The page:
27 Making a TCP Connection Three steps are required to set up a connection This is called three-way handshake  A segment is sent from A to B SYN bit is set Sequence number set to some initial value X  A segment is sent from B to A SYN bit is set ACK bit is set (ack = X +1) Sequence number set to some value Y  A segment is sent from A to B ACK bit is set (ack = Y+1) Connection is now established

28 Making a TCP Connections Host AHost B SYN seq X ack( Y + 1) SYN ack(X + 1) seq Y Connection Established

29 Closing a Connection Remember a TCP connection is full duplex A connection must be closed in both directions If A has no more data to send  A finishes sending data if any  A sends a last segment FIN bit set Seq number set to Z  B send segment to A ACK bit set (ack = Z + 1) B sends end of file indication to application  Connection now closed in one direction  Data can continue flowing in the other direction

30 Closing a Connection When it is time to close the connection in the other direction  B sends a segment to A FIN bit is set Seq number set to V  A sends a segment to B ACK bit set (ack = V +1) A send end of file indication to application Connection is now closed in both directions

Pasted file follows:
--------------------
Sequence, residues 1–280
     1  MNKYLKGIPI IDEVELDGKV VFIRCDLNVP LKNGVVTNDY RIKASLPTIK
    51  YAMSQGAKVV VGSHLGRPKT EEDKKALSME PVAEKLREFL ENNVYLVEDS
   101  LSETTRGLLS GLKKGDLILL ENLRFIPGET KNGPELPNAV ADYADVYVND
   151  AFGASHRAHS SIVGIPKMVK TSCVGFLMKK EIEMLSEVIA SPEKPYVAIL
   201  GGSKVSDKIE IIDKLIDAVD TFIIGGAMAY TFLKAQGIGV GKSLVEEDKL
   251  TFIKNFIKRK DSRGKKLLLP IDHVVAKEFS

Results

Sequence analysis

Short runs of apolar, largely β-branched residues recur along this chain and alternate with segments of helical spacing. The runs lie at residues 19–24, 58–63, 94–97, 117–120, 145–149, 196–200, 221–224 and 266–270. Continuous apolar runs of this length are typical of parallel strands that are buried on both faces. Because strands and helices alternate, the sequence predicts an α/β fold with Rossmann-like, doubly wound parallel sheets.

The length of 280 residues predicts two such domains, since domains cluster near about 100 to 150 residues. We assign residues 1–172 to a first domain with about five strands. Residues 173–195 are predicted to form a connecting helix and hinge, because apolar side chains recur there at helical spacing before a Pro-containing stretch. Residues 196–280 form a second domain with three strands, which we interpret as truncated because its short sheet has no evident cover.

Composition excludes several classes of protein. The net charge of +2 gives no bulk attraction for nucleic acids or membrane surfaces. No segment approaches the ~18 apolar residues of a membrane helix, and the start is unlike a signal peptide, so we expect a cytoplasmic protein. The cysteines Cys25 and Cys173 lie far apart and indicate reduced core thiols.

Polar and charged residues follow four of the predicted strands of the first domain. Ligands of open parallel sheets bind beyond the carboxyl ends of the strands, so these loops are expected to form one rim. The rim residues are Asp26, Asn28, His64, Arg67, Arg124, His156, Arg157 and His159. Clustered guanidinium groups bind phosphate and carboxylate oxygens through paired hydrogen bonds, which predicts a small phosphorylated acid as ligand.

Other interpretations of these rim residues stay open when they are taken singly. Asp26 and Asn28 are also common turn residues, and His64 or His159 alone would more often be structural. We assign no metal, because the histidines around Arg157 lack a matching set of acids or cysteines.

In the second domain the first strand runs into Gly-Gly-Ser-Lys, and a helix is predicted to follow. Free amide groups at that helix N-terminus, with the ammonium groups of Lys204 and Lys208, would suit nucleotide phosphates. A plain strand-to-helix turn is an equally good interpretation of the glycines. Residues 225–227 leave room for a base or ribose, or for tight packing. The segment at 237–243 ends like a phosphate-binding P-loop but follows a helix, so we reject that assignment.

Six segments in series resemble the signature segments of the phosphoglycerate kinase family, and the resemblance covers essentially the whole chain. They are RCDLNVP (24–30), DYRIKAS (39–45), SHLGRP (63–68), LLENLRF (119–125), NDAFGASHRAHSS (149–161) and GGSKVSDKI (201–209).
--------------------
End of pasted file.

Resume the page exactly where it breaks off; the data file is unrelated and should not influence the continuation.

31 Closing a TCP Connection Host AHost B FIN seq Z ack( V + 1) Connection Closed ack( Z + 1) FIN seq V

32 Resetting a Connection Closing a connection with a four-way handshake is the normal way of closing TCP connections There are situations where it is necessary to close connections abnormally or RESET  A sends a segment to B RST bit is set  B acks the RST segment immediately and closes the connection  B informs application program of termination

33 Examples of Resets First datagram of the three-way handshake (SYN) to a non existing port Abnormal condition encountered Extensively long idle time

34 SYN Flooding Attacks The three way handshake requires that the server side buffer the initial SYN while waiting for final ACK segment to be received Servers can handle some fixed number of such pending connections One common denial of service attack is for to send many initial SYN segments but never send the final ACK segment This results in many pending connections filling up all possible buffers Additional legitimate request are denied Most modern TCPs have mechanisms to protect from this situation

35 Encapsulation and decapsulation

36 Multiplexing and demultiplexing

37 Comparison of UDP/TCP UDP Message oriented  Message boundaries preserved Each message independent Unreliable protocol No error recovery No flow control No congestion control TCP Byte oriented protocol  No message boundaries One stream of data Reliable protocol Retransmission of lost data Flow control Congestion control